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21 Feet 1935 Chris Craft Deluxe Utility

"Just Because" is a 1935 Chris Craft Model 16 utility. Professional restoration by Miller-Potter Boat Restoration of Manotick, Ontario, completed in Spring of 1991. The restoration was commissioned by former owner Ted Storey of Kingston, Ontario and a former member of the Board of Directors of the Antique and Classic Boat Society headquartered in Clayton, NY. Under Ted's ownership "Just Because" won numerous awards at some of the most prestigious antique boat show competitions in the US and Canada. I acquired ownership in 2008. I entered "Just Because" in the ACBS sanctioned boat show sponsored by the Finger Lakes Chapter while I was on vacation in Hammondsport, NY and came away with the Best Antique Utility Award. The boat is powered by the original (rebuilt) 60 HP Model B Chris Craft engine. "Just Because" has had little use over the years since restoration and has always been stored in a boat house or garage. Built at the Chris Craft plant at Algonac, Michigan and delivered to the Mercier Boat Works, Clayton, NY in April 1935. The first owner was W.W. Plumb of Syracuse, NY. The boat came under Canadian ownership at Kingston, Ontario in the late 1940's first by Jake Stansbury and then by Norman Edgar. Then by Ted and Amy Storey of Kingston when in underwent its complete restoration. The boat comes with a scrapbook documenting it's history and awards and bound in the original mahogany planks removed at its restoration at Miller-Potter Boatworks. "Just Because" was featured as the December boat of the month in the 1996 Classic Motorboats calendar.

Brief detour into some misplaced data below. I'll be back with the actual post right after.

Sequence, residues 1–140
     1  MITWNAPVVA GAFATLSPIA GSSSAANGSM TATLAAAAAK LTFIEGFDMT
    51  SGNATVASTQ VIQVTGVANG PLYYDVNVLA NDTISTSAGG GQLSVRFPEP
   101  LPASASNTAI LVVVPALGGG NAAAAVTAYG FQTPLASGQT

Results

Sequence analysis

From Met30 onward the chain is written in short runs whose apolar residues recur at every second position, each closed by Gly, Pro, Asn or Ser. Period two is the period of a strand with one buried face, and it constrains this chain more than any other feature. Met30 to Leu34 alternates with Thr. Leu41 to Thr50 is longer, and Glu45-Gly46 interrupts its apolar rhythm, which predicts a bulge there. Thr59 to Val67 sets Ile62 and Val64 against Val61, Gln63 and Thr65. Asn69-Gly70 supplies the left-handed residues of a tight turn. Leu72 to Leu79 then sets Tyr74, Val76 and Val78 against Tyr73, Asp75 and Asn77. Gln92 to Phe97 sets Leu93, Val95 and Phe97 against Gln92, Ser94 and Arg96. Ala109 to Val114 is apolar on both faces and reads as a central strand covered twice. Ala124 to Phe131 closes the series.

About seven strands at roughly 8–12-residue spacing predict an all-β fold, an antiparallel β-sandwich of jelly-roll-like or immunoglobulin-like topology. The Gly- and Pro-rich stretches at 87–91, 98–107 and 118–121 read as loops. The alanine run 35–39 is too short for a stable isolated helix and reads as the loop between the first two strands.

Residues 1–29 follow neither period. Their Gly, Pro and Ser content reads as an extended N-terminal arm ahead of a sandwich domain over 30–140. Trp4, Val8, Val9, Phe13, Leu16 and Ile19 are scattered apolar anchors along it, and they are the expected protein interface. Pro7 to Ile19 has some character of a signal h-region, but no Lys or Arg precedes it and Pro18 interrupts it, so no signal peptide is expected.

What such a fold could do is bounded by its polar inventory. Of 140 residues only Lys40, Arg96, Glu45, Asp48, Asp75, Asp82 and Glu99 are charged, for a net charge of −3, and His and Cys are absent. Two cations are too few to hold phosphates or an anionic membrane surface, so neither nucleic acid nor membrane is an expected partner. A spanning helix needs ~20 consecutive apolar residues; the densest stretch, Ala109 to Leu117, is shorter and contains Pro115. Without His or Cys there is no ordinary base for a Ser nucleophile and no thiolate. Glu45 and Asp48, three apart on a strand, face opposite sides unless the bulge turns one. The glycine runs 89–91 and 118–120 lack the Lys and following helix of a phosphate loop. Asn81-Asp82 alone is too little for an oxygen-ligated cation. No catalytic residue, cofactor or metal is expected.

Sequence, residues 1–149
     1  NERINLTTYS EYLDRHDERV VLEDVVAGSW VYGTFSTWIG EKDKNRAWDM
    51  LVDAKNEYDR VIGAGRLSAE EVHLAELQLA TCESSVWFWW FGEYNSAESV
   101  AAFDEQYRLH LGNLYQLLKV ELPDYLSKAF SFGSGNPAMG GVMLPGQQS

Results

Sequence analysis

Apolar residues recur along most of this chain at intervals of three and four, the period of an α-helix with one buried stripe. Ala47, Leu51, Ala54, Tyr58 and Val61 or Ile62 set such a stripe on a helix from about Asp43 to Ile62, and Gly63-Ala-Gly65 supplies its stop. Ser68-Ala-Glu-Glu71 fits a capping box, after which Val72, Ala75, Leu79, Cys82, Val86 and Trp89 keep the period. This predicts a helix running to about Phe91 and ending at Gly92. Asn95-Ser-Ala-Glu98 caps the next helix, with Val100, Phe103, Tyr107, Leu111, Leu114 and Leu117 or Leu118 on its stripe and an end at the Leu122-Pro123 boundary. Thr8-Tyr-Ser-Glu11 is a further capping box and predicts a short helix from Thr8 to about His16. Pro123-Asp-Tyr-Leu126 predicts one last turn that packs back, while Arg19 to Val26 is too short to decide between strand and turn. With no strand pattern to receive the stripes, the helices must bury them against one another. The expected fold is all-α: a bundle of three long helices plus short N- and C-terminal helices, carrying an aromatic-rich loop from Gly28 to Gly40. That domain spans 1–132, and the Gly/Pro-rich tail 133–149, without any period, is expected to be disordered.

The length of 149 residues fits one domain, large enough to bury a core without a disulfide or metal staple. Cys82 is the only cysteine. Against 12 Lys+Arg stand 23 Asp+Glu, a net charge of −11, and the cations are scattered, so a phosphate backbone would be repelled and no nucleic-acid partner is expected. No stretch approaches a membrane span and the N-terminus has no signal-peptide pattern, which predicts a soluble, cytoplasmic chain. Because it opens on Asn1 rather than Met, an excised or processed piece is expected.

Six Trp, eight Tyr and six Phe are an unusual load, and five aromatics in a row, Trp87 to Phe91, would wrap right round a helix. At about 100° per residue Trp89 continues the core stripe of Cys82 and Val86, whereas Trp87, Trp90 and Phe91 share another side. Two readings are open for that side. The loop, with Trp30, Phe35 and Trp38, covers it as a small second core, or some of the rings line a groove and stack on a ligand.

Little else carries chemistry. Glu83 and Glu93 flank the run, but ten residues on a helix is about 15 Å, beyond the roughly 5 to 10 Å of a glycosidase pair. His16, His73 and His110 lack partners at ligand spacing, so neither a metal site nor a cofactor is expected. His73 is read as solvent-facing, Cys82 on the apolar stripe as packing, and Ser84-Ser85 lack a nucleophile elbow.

27 Feet 2000 Hacker Dolphin by Fish Brothers

2000 27' Fish Brother Hacker Craft Dolphin. This 27' custom made runabout is a replica of the 26' Dolphin model made circa 1928 by the Hacker Boat Company in Mt. Clemens, MI. It is reminiscent of the Hydroplanes referred to by the writer F. Scott Fitzgerald in his classic American novel about the roaring 20’s, “The Great Gatsby” Commissioned in 1999 by the original owner “The Great Gatsby” was produced by highly regarded custom runabout builders Fish Brothers of Queensbury, NY. and completed in 2000. It adheres very closely to the original 1928 Hacker-Craft design lines of the 26' Dolphin model with the exception of one additional foot in overall length. This runabout is a one of a kind, non-production replica which reflects the builders efforts to comply with the original design lines, instrumentation, and upholstery of a Dolphin from the 20’s. Given today’s boat building technology and materials, “The Great Gatsby” was fabricated for lasting durability, strength, appearance, and unmatched performance. A triple cockpit runabout which comfortably seats 7 persons, this Dolphin is powered by a 502 Merc MPI 400 HP engine and is capable of speeds in excess of 50 MPH. Among it’s numerous other features are Halon Fire System, dual batteries, and bilge blower. The boat comes with a 2007 tandem axle Searra Custom Trailer. All paperwork and documentation is included.

50 Feet 1929 Elco